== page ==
Along with its online catalogue of fossil, mineral, and crystal specimens, the Fossil Company publishes some nifty resources of interest to biologists and botanists. About Fossils has information sheets alphabetically indexed from Ammonites-Trilobites, providing drawings and text descriptions   hyperlinked to a descriptive Geological Time Line. The Time Line text in turn is hyperlinked to the information sheets according to the fossils for each geological period.   The Periodic Table of Elements is too cool-  pointing to an element gives its name, discoverer, and physical properties- perfect for chemistry students! Site by The Fossil Company, El Cerrito, California. (****)LF

April 14, 1998- U.S. Pollen Map

A botanist can get asked almost anything if it involves a plant, and spring is a good time for having a pollen map handy for knowledge of troublesome pollens by region. Information for the eleven U.S.pollen regions is provided by the Asthma and Allergy Foundation of America-
listing trees, grasses, and weeds for each (though there is little data for Alaska and Hawaii), and the months of the year they are blooming. Very useful as an at-a-glance blooming chart for dominant flora of an area, don't forget to bookmark this site by Thrive Online, San Francisco, California. (****)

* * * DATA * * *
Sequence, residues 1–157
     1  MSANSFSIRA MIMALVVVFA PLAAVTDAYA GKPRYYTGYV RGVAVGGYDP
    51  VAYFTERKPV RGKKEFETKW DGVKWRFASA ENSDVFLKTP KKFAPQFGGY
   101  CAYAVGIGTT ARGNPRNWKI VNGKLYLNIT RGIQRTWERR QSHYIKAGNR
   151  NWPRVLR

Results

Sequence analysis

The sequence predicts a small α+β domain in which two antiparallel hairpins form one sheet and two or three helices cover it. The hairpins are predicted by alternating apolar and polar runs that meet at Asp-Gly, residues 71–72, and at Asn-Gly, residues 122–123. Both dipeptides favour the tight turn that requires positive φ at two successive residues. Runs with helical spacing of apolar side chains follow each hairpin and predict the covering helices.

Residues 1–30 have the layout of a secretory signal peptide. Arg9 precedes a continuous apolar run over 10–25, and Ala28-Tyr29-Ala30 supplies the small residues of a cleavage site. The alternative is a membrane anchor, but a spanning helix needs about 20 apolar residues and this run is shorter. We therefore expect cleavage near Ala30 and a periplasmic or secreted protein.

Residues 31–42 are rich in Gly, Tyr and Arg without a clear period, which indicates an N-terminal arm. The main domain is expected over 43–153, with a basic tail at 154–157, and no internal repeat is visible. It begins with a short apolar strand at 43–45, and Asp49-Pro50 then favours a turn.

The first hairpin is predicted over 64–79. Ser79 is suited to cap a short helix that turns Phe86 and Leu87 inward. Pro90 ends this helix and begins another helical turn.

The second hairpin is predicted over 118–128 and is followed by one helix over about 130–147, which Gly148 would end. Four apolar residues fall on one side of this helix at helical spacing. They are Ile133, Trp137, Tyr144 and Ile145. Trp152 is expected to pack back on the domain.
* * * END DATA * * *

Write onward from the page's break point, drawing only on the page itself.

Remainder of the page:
LF

April 13, 1998- Biodiversity and the Biodiversity Crisis

A student of biology and environmental policy reports on Biodiversity and the Biodiversity Crisis. Published on the internet, the paper provides an excellent introduction to the scientific principles used to establish evidence of a crisis, how species diversity or abundance is estimated within an ecosystem, and why conservation biologists are concerned over present rates of extinction. This is a very well-constructed paper with ample discussion of theories of the major prehistoric and historic extinction events, current extinctions and their proposed causes. Students and teachers will find this a valuable link to supplement courses in ecology, biogeography, plants and people. But citizens of the world in general owe it to themselves to become aware of the data at this site by Michael Libsch, Colby College, Waterville, Maine. (****)LF

April 3, 1998- Cornell Laboratory of Ornithology